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Bullets into Bells: Poets & Citizens Respond to Gun Violence
Clements, Brian (Edt)
A powerful call to end American gun violence from celebrated poets and those most impacted.Focused intensively on the crisis of gun violence in America, this volume brings together poems by dozens of our best-known poets, including Billy Collins, Patricia Smith, Natalie Diaz, Ocean Vuong, Danez Smith, Brenda Hillman, Natasha Threthewey, Robert Hass, Naomi Shihab Nye, Juan Felipe Herrera, Mark Doty, Rita Dove, and Yusef Komunyakaa.Each poem is followed by a response from a gun violence prevention activist, political figure, survivor, or concerned individual, including Nobel Peace Prize laureate Jody Williams; Senator Christopher Murphy; Moms Demand Action founder Shannon Watts; survivors of the Columbine, Sandy Hook, Charleston Emmanuel AME, and Virginia Tech shootings; and Samaria Rice, mother of Tamir, and Lucy McBath, mother of Jordan Davis.The result is a stunning collection of poems and prose that speaks directly to the heart and a persuasive and moving testament to the urgent need for gun control.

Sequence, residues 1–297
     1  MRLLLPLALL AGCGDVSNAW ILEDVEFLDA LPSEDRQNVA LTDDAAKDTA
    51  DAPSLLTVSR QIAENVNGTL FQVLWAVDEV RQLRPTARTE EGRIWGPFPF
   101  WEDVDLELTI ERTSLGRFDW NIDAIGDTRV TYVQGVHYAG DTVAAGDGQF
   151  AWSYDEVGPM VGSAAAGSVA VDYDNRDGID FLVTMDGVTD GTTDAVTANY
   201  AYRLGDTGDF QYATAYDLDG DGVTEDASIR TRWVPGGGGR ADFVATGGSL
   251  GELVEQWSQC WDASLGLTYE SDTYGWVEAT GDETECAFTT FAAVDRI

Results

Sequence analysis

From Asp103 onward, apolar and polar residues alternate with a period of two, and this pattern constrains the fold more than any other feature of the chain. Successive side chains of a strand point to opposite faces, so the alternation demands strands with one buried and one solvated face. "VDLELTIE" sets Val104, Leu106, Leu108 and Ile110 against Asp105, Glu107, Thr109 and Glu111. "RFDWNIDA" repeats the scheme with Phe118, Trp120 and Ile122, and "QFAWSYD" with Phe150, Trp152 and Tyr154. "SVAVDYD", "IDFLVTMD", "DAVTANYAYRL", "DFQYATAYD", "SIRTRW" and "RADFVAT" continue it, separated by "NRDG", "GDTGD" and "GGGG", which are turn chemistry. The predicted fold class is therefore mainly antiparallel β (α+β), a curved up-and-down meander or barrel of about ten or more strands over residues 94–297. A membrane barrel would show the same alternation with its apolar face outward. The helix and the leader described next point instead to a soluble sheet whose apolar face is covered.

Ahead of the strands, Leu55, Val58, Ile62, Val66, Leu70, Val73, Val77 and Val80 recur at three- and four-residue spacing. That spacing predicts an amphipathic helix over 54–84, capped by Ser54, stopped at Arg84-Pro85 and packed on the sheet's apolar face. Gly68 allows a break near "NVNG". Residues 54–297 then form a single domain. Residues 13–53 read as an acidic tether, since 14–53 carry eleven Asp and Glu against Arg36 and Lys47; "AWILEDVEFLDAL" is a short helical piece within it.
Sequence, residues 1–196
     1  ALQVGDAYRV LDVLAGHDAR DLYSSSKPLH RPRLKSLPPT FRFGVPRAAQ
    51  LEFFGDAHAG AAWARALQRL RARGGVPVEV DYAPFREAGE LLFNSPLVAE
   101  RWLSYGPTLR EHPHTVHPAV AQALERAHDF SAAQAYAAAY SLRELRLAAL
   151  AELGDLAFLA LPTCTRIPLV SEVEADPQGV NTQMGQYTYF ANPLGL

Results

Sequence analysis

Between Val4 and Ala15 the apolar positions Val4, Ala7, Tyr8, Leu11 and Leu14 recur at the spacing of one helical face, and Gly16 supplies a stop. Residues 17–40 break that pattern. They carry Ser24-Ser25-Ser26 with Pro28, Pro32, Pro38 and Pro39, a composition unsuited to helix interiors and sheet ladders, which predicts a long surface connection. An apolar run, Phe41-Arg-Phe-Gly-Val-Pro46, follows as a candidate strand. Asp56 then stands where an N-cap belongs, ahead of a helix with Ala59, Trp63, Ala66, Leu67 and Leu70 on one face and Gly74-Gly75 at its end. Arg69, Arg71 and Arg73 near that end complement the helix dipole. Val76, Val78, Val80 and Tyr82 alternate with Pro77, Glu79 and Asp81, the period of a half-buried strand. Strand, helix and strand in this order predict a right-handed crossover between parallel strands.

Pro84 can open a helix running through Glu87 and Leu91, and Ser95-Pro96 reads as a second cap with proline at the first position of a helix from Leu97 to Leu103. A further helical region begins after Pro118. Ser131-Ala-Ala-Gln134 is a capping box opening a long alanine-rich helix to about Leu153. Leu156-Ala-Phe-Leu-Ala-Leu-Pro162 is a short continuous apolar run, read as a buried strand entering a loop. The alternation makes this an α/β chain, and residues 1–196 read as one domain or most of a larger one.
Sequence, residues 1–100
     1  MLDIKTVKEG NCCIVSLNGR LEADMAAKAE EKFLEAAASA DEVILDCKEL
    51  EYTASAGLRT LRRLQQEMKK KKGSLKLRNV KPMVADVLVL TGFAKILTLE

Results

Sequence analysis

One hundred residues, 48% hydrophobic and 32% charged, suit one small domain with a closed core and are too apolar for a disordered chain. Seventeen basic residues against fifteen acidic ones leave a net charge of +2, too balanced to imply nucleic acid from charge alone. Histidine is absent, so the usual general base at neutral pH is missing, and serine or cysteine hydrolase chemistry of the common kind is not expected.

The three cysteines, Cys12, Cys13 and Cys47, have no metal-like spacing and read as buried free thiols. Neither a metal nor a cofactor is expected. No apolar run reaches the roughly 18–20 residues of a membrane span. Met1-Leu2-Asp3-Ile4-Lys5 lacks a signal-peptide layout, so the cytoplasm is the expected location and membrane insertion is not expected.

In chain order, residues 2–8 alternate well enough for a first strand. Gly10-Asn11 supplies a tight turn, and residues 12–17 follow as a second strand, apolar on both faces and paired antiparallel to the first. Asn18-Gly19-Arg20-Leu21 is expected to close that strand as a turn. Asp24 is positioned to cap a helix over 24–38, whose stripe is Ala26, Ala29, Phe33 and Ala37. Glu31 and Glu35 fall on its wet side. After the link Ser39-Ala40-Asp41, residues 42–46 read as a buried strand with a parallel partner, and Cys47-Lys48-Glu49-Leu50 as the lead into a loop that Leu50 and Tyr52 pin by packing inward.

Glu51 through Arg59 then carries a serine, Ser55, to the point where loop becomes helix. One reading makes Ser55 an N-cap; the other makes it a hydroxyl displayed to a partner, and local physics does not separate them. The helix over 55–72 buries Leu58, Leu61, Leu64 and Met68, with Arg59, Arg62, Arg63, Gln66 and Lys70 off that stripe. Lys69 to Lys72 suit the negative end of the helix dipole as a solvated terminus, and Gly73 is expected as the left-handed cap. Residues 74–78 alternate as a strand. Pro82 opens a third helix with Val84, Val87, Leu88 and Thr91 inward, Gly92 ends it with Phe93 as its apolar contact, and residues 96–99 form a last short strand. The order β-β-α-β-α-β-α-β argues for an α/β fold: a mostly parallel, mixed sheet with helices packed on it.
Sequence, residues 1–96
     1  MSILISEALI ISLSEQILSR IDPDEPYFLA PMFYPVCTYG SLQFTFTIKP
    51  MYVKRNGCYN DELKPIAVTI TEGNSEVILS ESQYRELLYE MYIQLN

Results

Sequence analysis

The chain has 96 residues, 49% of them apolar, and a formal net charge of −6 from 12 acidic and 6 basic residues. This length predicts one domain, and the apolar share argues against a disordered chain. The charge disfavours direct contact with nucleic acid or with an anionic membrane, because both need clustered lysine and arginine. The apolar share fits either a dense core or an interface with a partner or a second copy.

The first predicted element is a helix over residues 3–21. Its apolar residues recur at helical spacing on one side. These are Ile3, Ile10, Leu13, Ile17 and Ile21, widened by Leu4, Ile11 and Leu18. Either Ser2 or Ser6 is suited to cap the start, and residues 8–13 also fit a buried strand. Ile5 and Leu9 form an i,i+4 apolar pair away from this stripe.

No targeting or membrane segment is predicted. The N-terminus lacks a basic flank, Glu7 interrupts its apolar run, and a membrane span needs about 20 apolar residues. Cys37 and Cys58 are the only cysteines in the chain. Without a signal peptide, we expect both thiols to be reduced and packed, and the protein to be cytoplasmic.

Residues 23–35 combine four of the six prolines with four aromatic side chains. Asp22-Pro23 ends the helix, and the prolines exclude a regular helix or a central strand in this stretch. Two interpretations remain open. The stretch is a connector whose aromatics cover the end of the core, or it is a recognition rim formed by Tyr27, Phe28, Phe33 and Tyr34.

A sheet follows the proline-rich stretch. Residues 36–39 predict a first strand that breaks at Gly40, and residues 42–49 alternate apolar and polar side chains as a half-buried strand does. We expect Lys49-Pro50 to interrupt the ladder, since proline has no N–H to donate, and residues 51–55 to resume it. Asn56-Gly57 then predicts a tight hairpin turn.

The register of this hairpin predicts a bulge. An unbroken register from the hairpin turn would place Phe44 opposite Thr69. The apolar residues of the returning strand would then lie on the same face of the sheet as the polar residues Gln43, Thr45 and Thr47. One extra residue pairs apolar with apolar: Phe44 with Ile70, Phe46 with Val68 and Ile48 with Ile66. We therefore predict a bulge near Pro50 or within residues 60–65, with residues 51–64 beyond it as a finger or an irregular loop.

Changing Human Service Organizations
"A first-class piece of work wherein the authors have drawn on the literature dealing primarily with organizational analysis and the processes of change in order to demonstrate how a person who does not have top managerial responsibility can induce change in organizational policies and procedures. . . . It is an important topic: the instruction of persons who are not in control of bureaucratic life in ways of impacting it. It goes, of course, beyond the social welfare field and into the dilemma of organizational life in America."
Inmigracion: Las Nuevas Reglas (Una Guia De Univision)